I do work with a few buyers , because I enjoy working with them and it gets me out to see a lot of the inventory I otherwise wouldn’t see, and helps me stay up on the market and to be a better Realtor overall. I work with a variety of banks and “REO outsources” (asset management companies) from across the nation, and I list and sell their properties in Santa Clara, Santa Cruz, and Monterey Counties – from San Jose to Salinas, from Boulder Creek to Santa Cruz, Watsonville, Pacific Grove, and everywhere in between. … Several people told me it was the best presentation they saw at the expo. This year, it seems there was no housing expo – but I think there is now perhaps more interest than ever in buying foreclosure real estate. … I won’t talk (much) about short sales, for example – this will have a solid focus on the process of buying a foreclosure property on the “retail” market, and is aimed at the average buyer just looking to buy an affordable home here in Santa Cruz.
You really need to look at the year before to see how the market performed – and from the statistics, we can see the median home price, county-wide, is actually down 33.5% in April of 2009 compared to a year ago. … Honestly, I am mystified how people can take a few anecdotes, completely ignore the state of the economy and the housing market as a whole, and now herald, with strident authority, that we are now at the bottom of the market and THIS, TODAY is the time to buy, or you will miss out on the chance of a lifetime. … Well, that’s not true – short sales can also occur at those prices, and some people who have had their homes a long, long time may have enough equity in them to compete with all the REOs and short sales. … Personally, I think it’s going to put increased pressure on the bottom of the market, as many people who were looking at buying a lower-priced “starter” home may now be thinking of stretching to go for one of these “premium” foreclosures which I expect we’ll be seeing.
Whether you think the current housing crisis is a cause of a symptom of the economic meltdown in the United States and abroad, there’s no denying that there’s a great deal of uncertainty about how long this recession will last , how deep it will cut , and what this means for people looking to buy a house in Santa Cruz today. I’ve said it several times in various postings to this blog, but I think it bears repeating: I think home prices in Santa Cruz county will continue to drop for the foreseeable future – and by that, I mean the rest of this year, at least. … It’s not a new thing – as I mentioned a blog entry or two ago, this multiple-offer feeding-frenzy has been going on at least 18 months, I don’t see that it is more common today than it was a year or so ago – but perhaps it’s being talked about more in the media, as there is now more effort into talking up the economy rather than talking it down. … I had seen it when it had come up (I send myself e-mails from my automated system for every bank-owned home that hits the market), but at the moment, I had a number of deadlines I was working to meet so I didn’t look at the particulars to see that it was really an incredible deal. … Actually, when it started out, I don’t think it was a short sale – but as the months went by, the price was reduced until finally the owner owed more on it than the market would pay.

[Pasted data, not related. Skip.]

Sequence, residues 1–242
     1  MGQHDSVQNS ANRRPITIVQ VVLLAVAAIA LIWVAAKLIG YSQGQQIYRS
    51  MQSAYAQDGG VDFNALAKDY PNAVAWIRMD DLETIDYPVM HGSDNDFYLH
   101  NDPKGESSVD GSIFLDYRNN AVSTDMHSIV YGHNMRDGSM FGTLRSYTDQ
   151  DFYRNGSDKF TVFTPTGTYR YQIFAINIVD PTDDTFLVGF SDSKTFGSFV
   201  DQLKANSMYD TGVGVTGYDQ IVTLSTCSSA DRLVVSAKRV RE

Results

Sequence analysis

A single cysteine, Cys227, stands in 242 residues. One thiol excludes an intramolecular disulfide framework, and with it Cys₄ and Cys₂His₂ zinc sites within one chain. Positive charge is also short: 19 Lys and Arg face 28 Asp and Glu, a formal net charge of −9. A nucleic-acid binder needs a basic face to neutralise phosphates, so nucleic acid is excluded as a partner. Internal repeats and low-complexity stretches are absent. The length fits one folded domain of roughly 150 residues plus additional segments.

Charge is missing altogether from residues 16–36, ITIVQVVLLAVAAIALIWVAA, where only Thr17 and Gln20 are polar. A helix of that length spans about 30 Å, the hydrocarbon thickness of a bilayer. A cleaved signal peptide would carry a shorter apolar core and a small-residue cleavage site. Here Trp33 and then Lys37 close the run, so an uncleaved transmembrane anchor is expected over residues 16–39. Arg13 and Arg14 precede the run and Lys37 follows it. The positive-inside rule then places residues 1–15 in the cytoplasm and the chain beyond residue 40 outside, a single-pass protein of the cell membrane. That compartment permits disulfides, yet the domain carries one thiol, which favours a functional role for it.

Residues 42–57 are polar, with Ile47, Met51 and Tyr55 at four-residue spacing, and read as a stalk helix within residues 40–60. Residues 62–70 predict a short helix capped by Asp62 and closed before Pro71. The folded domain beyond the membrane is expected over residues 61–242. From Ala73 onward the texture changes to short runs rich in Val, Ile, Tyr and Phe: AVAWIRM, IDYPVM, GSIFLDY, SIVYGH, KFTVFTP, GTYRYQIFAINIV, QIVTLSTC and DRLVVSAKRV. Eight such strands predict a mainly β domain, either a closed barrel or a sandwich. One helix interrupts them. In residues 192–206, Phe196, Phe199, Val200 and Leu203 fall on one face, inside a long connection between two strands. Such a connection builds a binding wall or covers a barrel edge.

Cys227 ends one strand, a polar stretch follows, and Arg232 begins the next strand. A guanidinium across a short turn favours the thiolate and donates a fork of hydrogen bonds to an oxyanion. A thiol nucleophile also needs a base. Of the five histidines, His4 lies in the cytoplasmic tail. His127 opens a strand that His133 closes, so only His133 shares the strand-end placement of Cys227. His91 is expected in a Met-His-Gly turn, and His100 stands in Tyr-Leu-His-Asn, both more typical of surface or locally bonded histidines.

Fact is, we have been seeing multiple offers for well over a year now on these bargain-basement properties in Watsonville – and pretty much anywhere in California where bank-owned foreclosures are sold several percent cheaper than competing properties – these properties attract multiple offers and sell quickly. … Pretty much – I didn’t go into 87 Arista when it was on the market, but from what I can tell on the MLS from the pictures, the choice of paint colors and level of amenities in this home was about on par with my listing. … And then, a scant two months later, my own listing comes on with an asking price of $250,000 – that’s 3.8% less than the sale price of a very very comparable property which closed just two months earlier…and I’m on the market eight days, and I’m standing in a field of chirping crickets . … But not too far below – if in fact you were able to buy a home for 10% below true market value, you could not do a thing to the property, then turn around and sell that property to someone else the next day for 10% more than you paid for it.
If you are thinking about buying property in Santa Cruz County in 2009, there’s a very good chance that you’ll be considering buying one of these homes. There’s a great deal of confusion around buying bank-owned homes. I do have some information on my web site that should be of interest to folks interested in doing so, specifically my Santa Cruz Foreclosure Report (delivered via e-mail), as well as the Santa Cruz Foreclosure Opportunities video which I had taped last year at the Santa Cruz County Housing Expo. … If a bank has two offers on a property, one with a conventional loan and the other with an FHA loan, the buyer with the conventional loan usually wins out, even if it’s for a bit less money. An all-cash offer will, of course, trump an offer from a buyer needing a loan, assuming it’s close to the same price – a cash buyer will not have any loan or financing contingency, and that’s one less thing for the seller to worry about, and one less way a deal could fall apart.